The Wonderful Conservative Icon, M. Stanton Evans
Quinn Hilyer of National Review Writes:
There will be much, much more to write on this topic in the next few days, but let me be one of the first here at NRO to lament the passing of one of the great men of the conservative movement, in some respects the founding father of conservative reporting (slightly different from conservative opinion writing), and a truly wonderful human being, M. Stanton Evans.
Read more at: http://www.nationalreview.com/corner/414735/wonderful-m-stanton-evans-rip-quin-hillyer
Steve Hayward on Powerline writes:
Sad news this morning of the passing of M. Stanton Evans at the age of 80. He was, in addition to his long list of books and distinguished career in journalism, the author of the Sharon Statement, one of the founding documents of modern conservatism produced at the founding of Young Americans for Freedom in 1960.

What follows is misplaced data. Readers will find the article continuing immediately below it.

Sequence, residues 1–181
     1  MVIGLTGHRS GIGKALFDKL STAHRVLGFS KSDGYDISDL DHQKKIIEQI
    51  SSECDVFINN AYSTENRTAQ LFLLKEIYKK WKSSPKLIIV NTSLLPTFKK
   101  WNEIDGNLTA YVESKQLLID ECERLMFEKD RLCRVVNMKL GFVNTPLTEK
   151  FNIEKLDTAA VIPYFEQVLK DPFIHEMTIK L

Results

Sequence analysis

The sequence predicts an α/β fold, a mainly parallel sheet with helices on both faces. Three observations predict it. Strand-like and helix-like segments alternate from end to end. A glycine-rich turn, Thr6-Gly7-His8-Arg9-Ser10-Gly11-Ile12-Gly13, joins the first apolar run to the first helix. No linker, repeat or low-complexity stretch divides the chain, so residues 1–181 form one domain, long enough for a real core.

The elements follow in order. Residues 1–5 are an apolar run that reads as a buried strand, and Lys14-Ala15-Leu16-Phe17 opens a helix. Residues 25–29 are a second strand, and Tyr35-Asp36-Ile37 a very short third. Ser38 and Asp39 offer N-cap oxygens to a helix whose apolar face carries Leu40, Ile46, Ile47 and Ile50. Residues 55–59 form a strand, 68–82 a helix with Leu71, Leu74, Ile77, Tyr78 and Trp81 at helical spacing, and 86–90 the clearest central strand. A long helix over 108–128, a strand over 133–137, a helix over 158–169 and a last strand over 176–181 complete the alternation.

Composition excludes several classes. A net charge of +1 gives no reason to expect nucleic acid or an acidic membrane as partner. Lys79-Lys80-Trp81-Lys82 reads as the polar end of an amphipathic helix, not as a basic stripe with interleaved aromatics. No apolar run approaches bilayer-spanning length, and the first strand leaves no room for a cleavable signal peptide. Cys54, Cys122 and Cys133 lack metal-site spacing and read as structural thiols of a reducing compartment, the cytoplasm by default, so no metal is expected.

The Washington Times reports:
M. Stanton Evans, arguably the funniest serious man in America for much of his 80 years on the planet, died Tuesday after a long bout with pancreatic cancer.
When people had to weigh which of two or more simultaneous events to attend, they tended to pick the one at which Mr. Evans was a scheduled speaker.
That way, they might hear him say, "Tax cuts are like sex: When they are good, they are very, very good. And when they are bad, they are still pretty good."
New York Times reports:
M. Stanton Evans, Who Helped Shape Conservative Movement, Is Dead at 80
(In part) "One of his first contributions to the conservative cause was perhaps the most significant. At 26, he drafted the statement of principles upon which Young Americans for Freedom, the first substantial national conservative organization, was created in September 1960. He was chosen for the task because of his editorial writing in Indianapolis."